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American Indian Studies
115 Ross Hall, 766-6521
Director: Judith A. Antell
(See catalog section following name for academic credentials.)
Debra Donahue, law
William Gribb, geography
Michael Harkin, anthropology
Jeanne E. Holland, English
Pamela Innes, anthropology
Angela Jaime, educational studies
Jeffrey Means, history
Robert Torry, English
JUDITH A. ANTELL, B.S. Mankato State University 1970; M.A. University of California-Santa Barbara 1974; Ph.D. University of California-Berkeley 1989; Director of American Indian Studies 1993; Senior Lecturer in American Indian Studies 2000.
American Indian Studies
The American Indian Studies Program offers an academic major at the undergraduate level and a minor at both the undergraduate and graduate level. This interdepartmental course of study examines Native North American cultural and social life, including economic, political, and educational systems. Historical and contemporary perspectives of American Indian experiences are included in this program.
Students may choose an American Indian studies minor to complement a major field of study. Related disciplines include American studies, anthropology, art, ethnic studies, geography, history, law, music, philosophy, political science, and sociology. A minor in American Indian studies provides excellent preparation for teachers, researchers, social workers, health care providers, resource managers, economic developers, and legal practitioners.
AIST Undergraduate Minor
Students graduating with an undergraduate minor degree in American Indian studies will be able to: 1) Explain the concept of tribal sovereignty and how tribal sovereignty is both restricted and acknowledged by the federal trust relationship and by relationships with states; 2) Understand the development of modern tribal governments and their functions and importance in contemporary society; 3) Understand and appreciate the roles of history, culture, and politics in the development of tribal world views, world views that relate to modern life and contemporary issues of concern for Native American peoples; 4) Identify historical, cultural, and political diversity and significance in Native oral traditions and written literatures; 5) Recognize stereotypes about Native American peoples and explain why these stereotypes were created and why they are sustained in modern society; and 6) Understand from the perspective of American Indian peoples, historical experiences and contemporary issues in North America.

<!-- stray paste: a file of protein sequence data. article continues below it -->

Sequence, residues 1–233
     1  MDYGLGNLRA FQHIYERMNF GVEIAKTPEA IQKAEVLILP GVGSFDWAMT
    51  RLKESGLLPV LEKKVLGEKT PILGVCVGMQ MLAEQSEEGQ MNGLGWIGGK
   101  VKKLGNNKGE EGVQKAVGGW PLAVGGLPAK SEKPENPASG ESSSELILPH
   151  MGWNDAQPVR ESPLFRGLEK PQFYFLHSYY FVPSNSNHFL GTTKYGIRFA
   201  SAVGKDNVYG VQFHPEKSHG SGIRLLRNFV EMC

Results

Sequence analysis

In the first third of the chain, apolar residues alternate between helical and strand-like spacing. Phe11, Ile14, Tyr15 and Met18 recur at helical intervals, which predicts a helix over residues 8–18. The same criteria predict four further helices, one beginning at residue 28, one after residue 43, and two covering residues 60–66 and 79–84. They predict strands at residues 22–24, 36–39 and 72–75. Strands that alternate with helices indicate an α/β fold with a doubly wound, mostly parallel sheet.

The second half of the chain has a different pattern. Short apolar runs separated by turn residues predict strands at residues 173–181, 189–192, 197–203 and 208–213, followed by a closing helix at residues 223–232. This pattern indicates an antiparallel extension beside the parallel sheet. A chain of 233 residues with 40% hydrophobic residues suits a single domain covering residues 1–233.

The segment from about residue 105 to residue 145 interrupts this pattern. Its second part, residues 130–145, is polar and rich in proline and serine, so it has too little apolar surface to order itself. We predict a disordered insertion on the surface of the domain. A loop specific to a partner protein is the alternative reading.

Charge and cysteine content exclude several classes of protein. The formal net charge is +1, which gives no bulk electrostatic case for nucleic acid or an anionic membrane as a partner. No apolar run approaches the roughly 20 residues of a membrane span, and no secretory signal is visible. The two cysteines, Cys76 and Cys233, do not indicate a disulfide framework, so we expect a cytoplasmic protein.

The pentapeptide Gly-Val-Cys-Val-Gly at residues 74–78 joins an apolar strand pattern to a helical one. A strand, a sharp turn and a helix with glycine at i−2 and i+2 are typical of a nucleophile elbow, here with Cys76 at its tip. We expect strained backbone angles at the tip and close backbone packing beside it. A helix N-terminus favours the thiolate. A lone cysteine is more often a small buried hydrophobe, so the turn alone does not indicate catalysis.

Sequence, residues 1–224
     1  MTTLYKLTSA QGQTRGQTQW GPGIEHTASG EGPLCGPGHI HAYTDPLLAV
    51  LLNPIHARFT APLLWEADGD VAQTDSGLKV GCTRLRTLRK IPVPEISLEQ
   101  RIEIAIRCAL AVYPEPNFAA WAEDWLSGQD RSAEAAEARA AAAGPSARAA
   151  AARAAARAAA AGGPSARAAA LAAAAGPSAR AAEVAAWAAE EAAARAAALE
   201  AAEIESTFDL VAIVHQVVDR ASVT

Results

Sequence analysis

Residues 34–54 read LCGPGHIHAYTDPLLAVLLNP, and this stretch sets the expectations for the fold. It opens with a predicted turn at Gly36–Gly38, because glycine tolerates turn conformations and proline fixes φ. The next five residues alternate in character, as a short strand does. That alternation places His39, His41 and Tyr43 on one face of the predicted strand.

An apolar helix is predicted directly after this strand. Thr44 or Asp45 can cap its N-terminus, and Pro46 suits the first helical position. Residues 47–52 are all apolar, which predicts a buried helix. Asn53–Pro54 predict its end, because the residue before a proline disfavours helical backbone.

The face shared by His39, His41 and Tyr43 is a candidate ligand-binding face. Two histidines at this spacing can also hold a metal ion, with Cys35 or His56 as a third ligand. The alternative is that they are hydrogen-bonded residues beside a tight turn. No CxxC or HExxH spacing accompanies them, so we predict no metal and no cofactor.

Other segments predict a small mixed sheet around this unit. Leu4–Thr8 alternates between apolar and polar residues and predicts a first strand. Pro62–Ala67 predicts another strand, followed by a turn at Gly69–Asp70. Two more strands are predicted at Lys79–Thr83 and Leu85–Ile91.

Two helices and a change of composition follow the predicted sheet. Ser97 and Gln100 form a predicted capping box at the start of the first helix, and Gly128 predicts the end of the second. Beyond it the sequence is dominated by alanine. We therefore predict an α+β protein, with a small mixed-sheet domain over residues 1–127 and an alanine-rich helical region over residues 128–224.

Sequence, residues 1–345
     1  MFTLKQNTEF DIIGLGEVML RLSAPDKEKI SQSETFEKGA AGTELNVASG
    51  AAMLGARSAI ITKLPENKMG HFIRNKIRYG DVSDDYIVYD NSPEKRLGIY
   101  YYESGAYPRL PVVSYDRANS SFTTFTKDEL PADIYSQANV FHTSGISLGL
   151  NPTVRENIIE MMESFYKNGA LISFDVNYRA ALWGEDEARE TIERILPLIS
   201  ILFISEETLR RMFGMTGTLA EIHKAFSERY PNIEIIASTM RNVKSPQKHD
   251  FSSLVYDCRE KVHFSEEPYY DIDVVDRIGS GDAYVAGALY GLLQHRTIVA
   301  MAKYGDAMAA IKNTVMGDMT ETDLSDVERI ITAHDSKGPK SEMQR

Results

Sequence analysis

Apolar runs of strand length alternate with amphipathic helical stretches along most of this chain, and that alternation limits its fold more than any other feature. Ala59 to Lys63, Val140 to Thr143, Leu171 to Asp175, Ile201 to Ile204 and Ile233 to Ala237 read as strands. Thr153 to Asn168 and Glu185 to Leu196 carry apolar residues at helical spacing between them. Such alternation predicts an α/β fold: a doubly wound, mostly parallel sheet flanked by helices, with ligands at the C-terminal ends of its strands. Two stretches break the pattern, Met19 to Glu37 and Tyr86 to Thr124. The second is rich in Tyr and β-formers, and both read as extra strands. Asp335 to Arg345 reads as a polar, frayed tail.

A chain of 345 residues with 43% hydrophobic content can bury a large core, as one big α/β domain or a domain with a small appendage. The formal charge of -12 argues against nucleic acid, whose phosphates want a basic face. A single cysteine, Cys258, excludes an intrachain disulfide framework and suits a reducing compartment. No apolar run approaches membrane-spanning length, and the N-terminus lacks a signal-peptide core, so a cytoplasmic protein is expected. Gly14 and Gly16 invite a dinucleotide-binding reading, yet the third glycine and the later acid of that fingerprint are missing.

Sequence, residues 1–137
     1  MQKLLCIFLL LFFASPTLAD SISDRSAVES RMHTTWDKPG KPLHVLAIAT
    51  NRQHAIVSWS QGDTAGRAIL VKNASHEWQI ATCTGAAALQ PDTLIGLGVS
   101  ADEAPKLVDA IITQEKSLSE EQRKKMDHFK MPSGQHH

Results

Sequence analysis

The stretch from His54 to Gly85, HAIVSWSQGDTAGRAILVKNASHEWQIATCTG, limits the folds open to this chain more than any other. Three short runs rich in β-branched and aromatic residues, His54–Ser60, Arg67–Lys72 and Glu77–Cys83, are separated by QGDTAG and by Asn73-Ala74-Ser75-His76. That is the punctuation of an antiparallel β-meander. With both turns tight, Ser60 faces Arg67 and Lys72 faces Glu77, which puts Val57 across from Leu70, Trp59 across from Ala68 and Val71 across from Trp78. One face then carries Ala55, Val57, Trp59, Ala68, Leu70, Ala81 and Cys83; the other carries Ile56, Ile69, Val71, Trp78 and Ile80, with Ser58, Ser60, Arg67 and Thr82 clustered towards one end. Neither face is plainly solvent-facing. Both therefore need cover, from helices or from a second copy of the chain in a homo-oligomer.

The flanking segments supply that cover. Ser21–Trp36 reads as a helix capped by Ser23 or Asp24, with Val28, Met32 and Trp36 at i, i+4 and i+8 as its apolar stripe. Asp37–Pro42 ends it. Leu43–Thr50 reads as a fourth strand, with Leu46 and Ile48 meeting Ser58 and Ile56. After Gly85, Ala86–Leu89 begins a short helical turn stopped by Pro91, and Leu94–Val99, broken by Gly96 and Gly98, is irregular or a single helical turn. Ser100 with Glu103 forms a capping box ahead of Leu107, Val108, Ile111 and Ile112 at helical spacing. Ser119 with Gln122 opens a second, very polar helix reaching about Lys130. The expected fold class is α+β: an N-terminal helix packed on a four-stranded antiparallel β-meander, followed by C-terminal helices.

AIST Undergraduate Major
In addition to the skills acquired by students who earn an undergraduate minor degree in American Indian studies, students working toward a B.A. in American Indian Studies will study tribal governance, literature, history, environment and natural resource management, ways of knowing, and indigenous languages. Inherent in this degree's curriculum and related activities is the expectation that students and faculty will assume an active role in working with and for Indigenous communities. AIST requires it majors to earn a grade of C or better in all courses taken to fulfill the major.
AIST Graduate Minor
A graduate minor in American Indian studies is comprised of 12 hours with at least 6 hours at the 5000 level. It is expected that each graduate minor student and his/her graduate committee, at least one member of whom will be from American Indian studies, will determine the specific courses to be taken. It is recommended that one of the four classes selected be a 3 credit AIST 5000 Independent Study. This class will provide a research experience in the discipline of American Indian studies that may support a master's thesis or doctoral dissertation. The research expectation in AIST can be satisfied by the 3 credit hour Independent Study and/or by the thesis or doctoral dissertation.
Students graduating with a graduate minor degree in American Indian studies will be able to: 1) Make apparent in masters'-level research the interdisciplinary connections between American Indian studies and the primary field of graduate study; 2) Integrate American Indian studies research methods with the research methods used in the primary field of graduate study; and 3) Demonstrate in writing the ability to understand a variety of subjects from a tribal perspective.
Through the Outreach School, a Teachers of American Indian Children (TAIC) Endorsement / Graduate Certificate can be earned. This non-degree graduate program certifies that those who complete its five specialized courses possess the attitudes, knowledge, and competence necessary to effectively teach American Indian Children. Upon completion, students receive official recognition of their achievement on their transcripts and an official certificate. Visit the Outreach Credit Program Website http://outreach.uwyo.edu/ocp/ for more information. All courses are cross-listed with AIST.
An interdepartmental American Indian Studies Advisory Committee guides the program's development. The director advises students selecting the American Indian studies major or minor.
Complete information about the American Indian studies undergraduate major, undergraduate minor, and graduate minor is available in the American Indian Studies Program office and on the program Website.